Twilight Zone Collector's Edition: "Mr. Denton on Doomsday," "The Shelter," "The Lateness of the Hour," and "The Trouble with Templeton"
Includes four episodes: "Mr. Denton on Doomsday" (1959), "The Shelter" (1961), "The Lateness of the Hour" (1960), and "The Trouble with Templeton" (1960). Collector's edition box includes write-ups on each episode.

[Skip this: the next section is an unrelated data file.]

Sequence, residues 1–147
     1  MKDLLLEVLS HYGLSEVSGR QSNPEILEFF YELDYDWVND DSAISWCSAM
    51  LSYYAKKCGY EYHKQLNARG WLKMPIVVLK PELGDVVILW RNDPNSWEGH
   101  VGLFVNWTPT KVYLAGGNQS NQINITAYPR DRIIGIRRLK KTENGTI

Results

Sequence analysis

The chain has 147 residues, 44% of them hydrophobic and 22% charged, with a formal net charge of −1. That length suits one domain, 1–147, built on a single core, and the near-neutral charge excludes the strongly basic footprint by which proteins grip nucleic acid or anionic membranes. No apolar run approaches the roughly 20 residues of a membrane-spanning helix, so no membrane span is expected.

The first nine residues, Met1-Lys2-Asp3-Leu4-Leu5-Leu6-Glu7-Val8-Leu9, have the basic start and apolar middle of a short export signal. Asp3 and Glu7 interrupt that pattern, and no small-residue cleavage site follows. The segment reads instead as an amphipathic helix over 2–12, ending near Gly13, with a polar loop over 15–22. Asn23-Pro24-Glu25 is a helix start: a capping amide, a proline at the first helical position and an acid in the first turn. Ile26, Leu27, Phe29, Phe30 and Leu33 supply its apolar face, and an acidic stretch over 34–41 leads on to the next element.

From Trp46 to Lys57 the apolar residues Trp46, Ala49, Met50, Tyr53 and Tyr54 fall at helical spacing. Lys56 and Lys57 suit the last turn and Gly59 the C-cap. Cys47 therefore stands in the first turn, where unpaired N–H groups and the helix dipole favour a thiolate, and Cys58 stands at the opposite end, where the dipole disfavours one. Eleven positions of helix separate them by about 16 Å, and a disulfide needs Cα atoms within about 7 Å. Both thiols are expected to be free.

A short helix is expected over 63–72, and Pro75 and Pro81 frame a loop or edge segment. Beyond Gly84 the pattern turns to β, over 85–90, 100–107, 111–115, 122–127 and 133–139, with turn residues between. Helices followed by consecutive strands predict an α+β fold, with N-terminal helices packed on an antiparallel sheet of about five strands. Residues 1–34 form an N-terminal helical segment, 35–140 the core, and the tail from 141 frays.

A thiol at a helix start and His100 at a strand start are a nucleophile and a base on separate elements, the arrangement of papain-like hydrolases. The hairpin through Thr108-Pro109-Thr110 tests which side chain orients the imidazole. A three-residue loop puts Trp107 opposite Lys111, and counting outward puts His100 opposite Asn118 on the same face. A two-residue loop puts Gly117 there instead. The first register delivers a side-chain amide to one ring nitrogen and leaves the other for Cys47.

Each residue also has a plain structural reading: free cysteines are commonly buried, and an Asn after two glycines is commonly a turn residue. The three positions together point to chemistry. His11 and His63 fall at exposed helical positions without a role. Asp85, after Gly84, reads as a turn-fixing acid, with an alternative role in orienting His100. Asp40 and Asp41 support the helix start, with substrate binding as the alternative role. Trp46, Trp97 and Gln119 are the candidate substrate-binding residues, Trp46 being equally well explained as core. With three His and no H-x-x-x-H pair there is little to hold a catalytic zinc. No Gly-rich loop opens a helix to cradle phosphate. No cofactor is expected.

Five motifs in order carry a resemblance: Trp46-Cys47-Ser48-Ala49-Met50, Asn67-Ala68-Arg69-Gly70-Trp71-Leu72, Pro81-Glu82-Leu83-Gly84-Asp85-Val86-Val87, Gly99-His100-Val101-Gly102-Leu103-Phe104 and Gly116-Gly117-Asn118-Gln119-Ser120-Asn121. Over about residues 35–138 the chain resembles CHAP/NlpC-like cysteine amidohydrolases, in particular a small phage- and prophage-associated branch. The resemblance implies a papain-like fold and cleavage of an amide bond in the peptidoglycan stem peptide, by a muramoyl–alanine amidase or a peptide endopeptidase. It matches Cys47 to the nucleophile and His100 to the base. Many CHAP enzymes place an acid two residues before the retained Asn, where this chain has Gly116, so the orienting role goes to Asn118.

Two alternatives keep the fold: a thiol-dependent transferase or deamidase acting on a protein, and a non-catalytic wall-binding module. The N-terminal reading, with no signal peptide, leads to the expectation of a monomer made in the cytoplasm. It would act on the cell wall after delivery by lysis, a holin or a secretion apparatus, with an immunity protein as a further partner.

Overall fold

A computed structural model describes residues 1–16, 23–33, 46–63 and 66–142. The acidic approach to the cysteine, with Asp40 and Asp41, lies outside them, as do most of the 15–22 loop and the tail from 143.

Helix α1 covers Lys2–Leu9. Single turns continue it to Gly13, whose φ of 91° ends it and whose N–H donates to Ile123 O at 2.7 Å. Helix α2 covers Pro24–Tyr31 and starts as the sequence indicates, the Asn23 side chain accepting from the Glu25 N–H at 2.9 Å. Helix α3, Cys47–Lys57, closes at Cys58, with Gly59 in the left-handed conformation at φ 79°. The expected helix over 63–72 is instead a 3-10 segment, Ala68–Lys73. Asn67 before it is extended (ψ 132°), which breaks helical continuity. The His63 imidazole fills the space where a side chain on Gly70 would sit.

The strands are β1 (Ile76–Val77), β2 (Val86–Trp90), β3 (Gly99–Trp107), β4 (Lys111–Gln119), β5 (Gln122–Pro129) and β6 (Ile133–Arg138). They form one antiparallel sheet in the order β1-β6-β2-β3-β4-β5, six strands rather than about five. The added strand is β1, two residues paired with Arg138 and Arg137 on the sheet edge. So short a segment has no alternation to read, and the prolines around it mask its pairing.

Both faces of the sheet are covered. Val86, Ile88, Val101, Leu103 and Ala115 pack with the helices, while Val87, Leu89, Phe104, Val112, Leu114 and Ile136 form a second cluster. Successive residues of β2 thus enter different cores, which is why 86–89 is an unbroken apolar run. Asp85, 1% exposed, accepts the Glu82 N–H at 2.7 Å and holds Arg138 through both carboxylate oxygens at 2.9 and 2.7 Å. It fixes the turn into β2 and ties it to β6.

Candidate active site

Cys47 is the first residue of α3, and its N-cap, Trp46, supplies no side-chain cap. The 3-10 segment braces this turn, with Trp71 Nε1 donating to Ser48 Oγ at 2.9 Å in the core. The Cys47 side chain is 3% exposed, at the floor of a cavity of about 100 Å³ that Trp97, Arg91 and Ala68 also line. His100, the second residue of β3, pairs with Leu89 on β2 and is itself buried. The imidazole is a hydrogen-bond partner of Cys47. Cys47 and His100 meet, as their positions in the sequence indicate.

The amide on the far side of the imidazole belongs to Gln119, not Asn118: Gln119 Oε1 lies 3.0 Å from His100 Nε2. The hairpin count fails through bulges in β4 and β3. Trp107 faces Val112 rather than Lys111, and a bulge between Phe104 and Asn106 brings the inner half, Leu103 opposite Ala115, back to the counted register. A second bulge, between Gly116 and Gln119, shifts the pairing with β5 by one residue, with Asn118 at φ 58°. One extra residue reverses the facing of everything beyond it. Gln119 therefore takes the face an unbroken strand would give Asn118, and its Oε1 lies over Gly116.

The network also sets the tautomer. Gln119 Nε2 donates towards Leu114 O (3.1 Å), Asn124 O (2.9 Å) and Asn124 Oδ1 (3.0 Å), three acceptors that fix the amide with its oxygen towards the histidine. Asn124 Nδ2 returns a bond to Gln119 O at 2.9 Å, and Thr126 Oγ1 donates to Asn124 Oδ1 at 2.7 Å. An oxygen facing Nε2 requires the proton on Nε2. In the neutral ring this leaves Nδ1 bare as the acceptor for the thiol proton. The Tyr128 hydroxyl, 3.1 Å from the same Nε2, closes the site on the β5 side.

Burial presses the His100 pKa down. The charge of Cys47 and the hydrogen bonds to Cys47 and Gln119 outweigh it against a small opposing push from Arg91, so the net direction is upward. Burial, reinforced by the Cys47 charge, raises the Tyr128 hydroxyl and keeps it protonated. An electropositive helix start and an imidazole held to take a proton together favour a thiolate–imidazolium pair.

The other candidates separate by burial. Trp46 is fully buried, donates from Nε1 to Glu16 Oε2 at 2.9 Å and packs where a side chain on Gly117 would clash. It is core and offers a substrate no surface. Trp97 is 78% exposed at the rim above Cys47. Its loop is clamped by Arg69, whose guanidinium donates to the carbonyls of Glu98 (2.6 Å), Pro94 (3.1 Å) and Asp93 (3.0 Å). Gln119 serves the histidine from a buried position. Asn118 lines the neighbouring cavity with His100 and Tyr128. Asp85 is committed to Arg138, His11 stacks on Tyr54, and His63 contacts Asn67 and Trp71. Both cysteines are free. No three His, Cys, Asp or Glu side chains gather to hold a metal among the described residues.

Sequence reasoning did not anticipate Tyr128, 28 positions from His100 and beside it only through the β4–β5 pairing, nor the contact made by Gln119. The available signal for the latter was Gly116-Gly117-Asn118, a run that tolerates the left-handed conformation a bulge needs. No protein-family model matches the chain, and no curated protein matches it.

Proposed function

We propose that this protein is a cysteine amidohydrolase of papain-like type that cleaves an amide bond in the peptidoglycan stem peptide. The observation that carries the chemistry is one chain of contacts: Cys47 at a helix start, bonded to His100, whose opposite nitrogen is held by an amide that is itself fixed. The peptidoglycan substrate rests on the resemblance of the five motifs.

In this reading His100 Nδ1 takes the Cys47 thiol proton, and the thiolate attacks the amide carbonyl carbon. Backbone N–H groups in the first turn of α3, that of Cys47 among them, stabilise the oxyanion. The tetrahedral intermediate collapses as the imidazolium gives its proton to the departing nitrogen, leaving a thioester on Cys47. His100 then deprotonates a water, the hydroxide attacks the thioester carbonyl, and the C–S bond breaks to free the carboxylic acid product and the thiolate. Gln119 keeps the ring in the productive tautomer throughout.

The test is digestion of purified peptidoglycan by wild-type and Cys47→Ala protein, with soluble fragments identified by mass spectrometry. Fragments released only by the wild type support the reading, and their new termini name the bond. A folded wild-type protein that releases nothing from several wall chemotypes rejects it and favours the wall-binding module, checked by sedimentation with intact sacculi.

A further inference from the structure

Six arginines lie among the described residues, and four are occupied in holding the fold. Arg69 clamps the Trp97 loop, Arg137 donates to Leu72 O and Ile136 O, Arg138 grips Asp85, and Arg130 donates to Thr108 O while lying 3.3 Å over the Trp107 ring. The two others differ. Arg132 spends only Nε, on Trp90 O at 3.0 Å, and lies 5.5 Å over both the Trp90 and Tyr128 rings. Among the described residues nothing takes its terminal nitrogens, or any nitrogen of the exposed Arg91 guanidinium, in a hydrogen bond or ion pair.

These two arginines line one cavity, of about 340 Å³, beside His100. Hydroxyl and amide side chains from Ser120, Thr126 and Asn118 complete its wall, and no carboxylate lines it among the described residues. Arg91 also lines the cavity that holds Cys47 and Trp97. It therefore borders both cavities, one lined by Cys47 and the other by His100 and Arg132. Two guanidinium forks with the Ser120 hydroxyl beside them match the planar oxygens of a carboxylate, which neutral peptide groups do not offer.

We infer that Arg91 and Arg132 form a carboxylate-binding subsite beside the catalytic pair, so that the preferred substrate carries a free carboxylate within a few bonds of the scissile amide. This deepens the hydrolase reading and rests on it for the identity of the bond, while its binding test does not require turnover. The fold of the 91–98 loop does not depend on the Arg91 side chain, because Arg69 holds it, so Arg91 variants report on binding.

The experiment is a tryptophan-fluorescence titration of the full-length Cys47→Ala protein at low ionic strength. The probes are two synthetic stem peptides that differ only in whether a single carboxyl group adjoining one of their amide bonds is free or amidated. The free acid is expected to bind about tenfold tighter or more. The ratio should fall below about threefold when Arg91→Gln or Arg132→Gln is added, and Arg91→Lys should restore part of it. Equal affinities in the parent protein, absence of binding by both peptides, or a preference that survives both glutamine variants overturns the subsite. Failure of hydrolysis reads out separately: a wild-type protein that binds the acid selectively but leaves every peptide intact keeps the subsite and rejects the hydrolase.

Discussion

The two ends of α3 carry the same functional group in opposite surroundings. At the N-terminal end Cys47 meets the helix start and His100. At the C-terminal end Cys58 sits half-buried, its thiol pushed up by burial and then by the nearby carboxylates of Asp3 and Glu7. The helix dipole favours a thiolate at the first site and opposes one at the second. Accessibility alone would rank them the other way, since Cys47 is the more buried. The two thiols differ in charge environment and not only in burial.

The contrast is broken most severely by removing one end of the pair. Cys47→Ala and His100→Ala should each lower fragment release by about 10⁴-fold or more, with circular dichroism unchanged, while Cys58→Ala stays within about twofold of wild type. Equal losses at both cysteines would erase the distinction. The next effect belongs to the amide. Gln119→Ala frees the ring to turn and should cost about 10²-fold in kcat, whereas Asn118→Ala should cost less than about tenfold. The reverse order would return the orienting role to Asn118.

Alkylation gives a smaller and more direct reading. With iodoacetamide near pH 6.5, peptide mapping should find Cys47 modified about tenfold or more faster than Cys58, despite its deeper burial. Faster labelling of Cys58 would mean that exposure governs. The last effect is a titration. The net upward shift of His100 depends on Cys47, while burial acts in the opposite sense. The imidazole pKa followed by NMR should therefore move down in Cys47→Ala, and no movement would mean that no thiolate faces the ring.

The classic western stories are turned upside down in "Mr. Denton on Doomsday". Al Denton is the town drunk after an earlier career as a gunslinger and he now endures humiliation in order to get his next drink. A sadistic and sarcastic bully played by Martin Landau often goads Denton into singing "How dry I am" for his next drink while the people around laugh at him. When the bully forces Denton into a gunfight, a mysterious peddler called Mr. Fate arranges for him to get off two superb shots that incapacitate the bully without really harming him. Getting back his self-respect and giving up alcohol, Denton learns very quickly that it has a significant downside. A young gunslinger challenges him to a duel and when Denton practices, he realizes that he has no chance. In desperation, he turns to the peddler, who offers him an elixir that will make him unbeatable in the draw. Thus fortified, Denton stands up to the young gun, only to cringe when he sees his opponent drinking the same elixir. Both men suddenly realize what has happened and lose all their confidence; after all they do not know what will happen when two unbeatable gunfighters face each other. This is an excellent moment of tension, eased when both draw and only wound each other in the hand, ending their careers as gunfighters. "Mr. Denton on Doomsday" is a superb episode, taking the western genre and injecting some real surprise and tension into it. Some of the best stories take a standard plot and interject odd, unexpected twists into it and that is what happened here. "The Shelter" plays on the fragile nature of civilization and how it all can evaporate in a moment of tension. The episode opens with a party being held for Dr. Stockton, a man clearly admired, respected and loved in his community. However, unlike his neighbors, Dr. Stockton has built a bomb shelter in his basement so when an alert is sounded, he takes his wife and child downstairs and locks the door. His neighbors quickly realize that if a nuclear bomb is detonated, the only possible way to survive is to enter the shelter with the doctor. However, the doctor understands that if all of them join him in the shelter then none will survive. In a matter of minutes, the neighbors degenerate into a rabble, hatred, bigotry and violence erupts as they batter their way into the shelter and the doctor prepares to defend his family. Suddenly, the alert is cancelled, having been a false alarm and the group disbands, realizing that all their friendships have ended. People that lived through the fifties and sixties when school children were constantly practicing "duck and cover" will understand the tension over the potential for a nuclear attack. People born much later will be puzzled by the plot although the reality that civilization can quickly evaporate in either a nuclear burst or even the credible threat of one is a lesson that is very real. Superbly acted and written, this is an episode that will always remind us how fear can quickly destroy our collective sanity. I found "The Lateness of the Hour" predictable and dull. The brilliant and wealthy scientist William Loren has retired with his wife and daughter Jana to a mansion and the three of them never go anywhere. They have a set of servants that tend to their every whim so they lack for nothing. It is quickly revealed that the servants are perfect because they are robots that have been programmed to be perfect. Being frustrated and spoiled, Jana demands that the robots be dismantled and her father complies, but the consequences are unexpected. Jana's life quickly changes, taking a twist that she did not expect but in the end one that satisfies everyone, in a way even her. If you pay close attention there are many clues to the revelation that alters Jana's life, subtle smiles and mannerisms give many hints if you pay close enough attention. However, to me the episode had no tension or real drama, although it is a different aspect of the old adage, "Be careful what you wish for." That adage also applies to "The Trouble With Templeton", where aging actor Booth Templeton longs for the earlier days of the Twenties when his deceased wife Laura was alive and he was happy. The episode opens with Templeton watching his young wife romantically cavorting with a young man at the swimming pool and commenting about the sadness of his life to his aide. Templeton is to play the lead role in a new play but a new and very brash director has been hired and when Templeton is late to the first rehearsal, the director berates him in front of the entire cast. Distraught, Templeton flees out the stage entrance, only to find himself transported back to 1927. Once he learns of the new circumstances he gets directed to the local speakeasy where Laura and a fellow male actor that is also his best friend are eating dinner. Initially overjoyed at seeing his wife again Templeton's joy is quickly shattered as Laura just wants to eat, drink and dance, much like his current wife. His dreams destroyed, Templeton is actually buoyed up and re-enters the theater to find himself back in his normal time. His confidence restored, Templeton dresses down the director, causing him to surrender and beginning what appears to be a very effective working relationship. Brian Aherne is superb as an aging actor in this episode, which was critical for success as all other roles are supportive. You feel for the man as he is repeatedly humiliated and humbled yet admire his strength as he pulls himself together at the end and you know that the play will be a resounding success.